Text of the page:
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Stretch of Enbridge Line 5 Pipeline to Shut Down on Tribal Land, Judge Orders

Enbridge has been ordered to pay the Bad River Band of Lake Superior Chippewa $5 million in damages for trespassing.

Sections of the Enbridge Line 3 pipeline are seen on the construction site in Park Rapids, Minnesota, on June 6, 2021.

The Canadian oil company Enbridge has been ordered to pay the Bad River Band of Lake Superior Chippewa $5 million in damages for trespassing and to gradually shut down part of its Line 5 pipeline in Wisconsin after a federal judge found that the company has placed the tribe’s sacred land at risk of an environmental disaster.

U.S. District Judge William Conley of the Western District of Wisconsin handed down the ruling on Friday after the Bad River Band argued in court that there are now fewer than 15 feet between parts of Line 5 and the Bad River following the partial erosion of the riverbank in recent months.

The tribe said its land is in imminent danger of a potential pipeline rupture as roughly 12 miles of Line 5 run through the Bad River Band’s reservation, carrying up to 23 million gallons of oil and liquefied natural gas each day through Michigan and Wisconsin to Ontario.

Line 5 has been the site of about 30 oil spills in its 70-year history, and another of Enbridge’s pipelines ruptured in 2010, spilling more than 840,000 gallons of oil into a creek and the Kalamazoo River in Michigan.

In addition to ordering Enbridge to pay the tribe, Conley on Friday gave the company three years to wind down its operations on the Bad River Band’s land, ordering it to “cease operation of Line 5 on any parcel within the band’s tribal territory on which defendants lack a valid right of way and to arrange reasonable remediation at those sites.”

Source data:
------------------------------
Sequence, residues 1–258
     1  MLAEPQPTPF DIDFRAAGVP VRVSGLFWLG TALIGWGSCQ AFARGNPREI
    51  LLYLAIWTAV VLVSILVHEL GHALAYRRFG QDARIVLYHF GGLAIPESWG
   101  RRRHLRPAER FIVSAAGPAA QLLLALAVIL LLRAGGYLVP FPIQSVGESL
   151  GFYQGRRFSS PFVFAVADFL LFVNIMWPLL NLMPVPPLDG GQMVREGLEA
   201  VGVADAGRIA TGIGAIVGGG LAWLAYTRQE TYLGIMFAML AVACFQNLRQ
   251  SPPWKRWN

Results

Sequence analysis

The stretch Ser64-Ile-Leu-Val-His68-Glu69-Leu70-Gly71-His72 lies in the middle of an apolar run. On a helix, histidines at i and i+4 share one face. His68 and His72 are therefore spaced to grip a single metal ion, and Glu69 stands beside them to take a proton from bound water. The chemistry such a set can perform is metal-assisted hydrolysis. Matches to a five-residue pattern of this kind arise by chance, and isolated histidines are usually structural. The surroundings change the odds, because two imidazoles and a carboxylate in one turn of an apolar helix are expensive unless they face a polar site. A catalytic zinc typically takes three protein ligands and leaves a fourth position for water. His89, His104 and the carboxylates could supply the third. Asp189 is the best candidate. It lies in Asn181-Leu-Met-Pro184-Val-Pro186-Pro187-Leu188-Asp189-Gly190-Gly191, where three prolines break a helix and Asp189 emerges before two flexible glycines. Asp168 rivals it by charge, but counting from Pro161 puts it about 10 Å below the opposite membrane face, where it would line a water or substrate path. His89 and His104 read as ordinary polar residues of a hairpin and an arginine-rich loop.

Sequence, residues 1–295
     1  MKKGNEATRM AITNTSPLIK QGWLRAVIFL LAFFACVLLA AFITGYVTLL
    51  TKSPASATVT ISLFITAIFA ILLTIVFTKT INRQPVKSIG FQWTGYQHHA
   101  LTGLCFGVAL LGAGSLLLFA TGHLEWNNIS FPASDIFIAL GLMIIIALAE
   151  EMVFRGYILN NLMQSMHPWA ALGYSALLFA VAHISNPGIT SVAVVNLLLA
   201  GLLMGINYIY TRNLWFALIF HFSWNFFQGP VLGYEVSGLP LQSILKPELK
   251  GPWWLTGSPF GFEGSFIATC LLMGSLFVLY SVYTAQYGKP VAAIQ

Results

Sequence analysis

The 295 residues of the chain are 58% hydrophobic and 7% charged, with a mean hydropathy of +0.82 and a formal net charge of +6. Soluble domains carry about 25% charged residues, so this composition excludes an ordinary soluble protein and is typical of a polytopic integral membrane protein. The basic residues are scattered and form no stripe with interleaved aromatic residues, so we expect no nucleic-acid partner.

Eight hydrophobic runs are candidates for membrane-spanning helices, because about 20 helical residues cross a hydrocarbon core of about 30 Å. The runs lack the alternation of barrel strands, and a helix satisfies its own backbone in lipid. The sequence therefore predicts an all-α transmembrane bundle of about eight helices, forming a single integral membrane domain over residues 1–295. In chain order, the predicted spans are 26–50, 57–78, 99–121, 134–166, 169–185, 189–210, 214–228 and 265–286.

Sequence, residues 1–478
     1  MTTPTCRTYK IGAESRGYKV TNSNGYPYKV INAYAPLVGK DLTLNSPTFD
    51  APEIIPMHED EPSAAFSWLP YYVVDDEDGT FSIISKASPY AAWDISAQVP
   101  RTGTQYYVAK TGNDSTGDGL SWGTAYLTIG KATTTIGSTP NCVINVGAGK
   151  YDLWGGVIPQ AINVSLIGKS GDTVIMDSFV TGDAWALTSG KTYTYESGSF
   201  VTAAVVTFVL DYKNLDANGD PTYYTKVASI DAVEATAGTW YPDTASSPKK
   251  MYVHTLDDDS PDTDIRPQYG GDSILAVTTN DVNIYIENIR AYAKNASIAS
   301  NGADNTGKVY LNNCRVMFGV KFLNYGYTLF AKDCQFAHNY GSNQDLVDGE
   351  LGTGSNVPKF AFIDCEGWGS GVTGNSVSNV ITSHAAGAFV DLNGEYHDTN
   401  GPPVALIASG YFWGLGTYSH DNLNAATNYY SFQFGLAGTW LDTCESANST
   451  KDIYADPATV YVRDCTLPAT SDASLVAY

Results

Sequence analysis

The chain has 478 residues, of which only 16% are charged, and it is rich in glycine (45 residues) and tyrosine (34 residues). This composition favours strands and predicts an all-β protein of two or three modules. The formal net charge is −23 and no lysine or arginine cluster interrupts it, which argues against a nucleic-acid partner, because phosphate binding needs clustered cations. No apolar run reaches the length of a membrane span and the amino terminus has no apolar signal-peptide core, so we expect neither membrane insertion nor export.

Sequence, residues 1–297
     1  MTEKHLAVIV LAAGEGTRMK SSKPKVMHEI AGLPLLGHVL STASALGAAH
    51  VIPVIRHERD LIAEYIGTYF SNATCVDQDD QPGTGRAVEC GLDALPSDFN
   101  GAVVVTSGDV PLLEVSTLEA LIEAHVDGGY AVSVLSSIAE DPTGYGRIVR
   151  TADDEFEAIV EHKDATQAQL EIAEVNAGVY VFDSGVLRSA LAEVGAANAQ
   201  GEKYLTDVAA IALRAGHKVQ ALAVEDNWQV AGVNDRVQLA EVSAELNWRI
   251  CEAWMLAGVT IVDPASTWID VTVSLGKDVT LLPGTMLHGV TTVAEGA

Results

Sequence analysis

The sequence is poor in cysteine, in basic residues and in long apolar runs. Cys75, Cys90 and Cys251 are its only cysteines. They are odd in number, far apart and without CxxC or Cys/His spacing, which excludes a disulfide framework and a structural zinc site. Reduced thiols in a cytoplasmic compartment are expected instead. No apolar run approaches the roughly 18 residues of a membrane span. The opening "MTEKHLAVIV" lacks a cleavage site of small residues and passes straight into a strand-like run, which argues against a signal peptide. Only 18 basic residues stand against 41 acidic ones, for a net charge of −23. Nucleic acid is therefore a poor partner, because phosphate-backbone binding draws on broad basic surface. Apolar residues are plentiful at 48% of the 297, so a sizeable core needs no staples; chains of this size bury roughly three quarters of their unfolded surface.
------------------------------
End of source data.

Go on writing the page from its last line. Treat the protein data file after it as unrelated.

The judge denied, however, that the pipeline’s presence has put the tribe in imminent danger. He said an oil spill “would unquestionably be a public nuisance” but claimed an immediate shutdown of a portion of the pipeline would disrupt energy security and cause fuel costs to soar for locals.

Bad River Band Chairman Mike Wiggins said the tribe does not see the ruling as “cause for unqualified celebration” but expressed appreciation for the judge “putting an end to Enbridge’s flagrant trespass and disregard for our rights.”

“Tribal sovereignty prevailed over corporate profits,” Wiggins said, adding that the tribe expects Enbridge “to fight this order with all of their corporate might.”

“We are under no illusion that Enbridge will do the right thing,” he added.

Enbridge said over the weekend that it plans to appeal the ruling.

Erick Arnold, an attorney for the Bad River Band, said the three-year timeline leaves the tribe “vulnerable to catastrophe.”

“While the band’s motivations have never been about money,” said Arnold, “such a small award for a decadelong trespass during which Enbridge earned over a billion dollars in net profits from Line 5 will not sufficiently deter trespassers like Enbridge, but will instead create an incentive for corporations to violate the sovereignty of the band.”

Environmental lawyer and activist Steven Donziger called the order a “victory” overall.

“But for the theft of Indigenous lands,” he said, “this pipeline would not even exist.”

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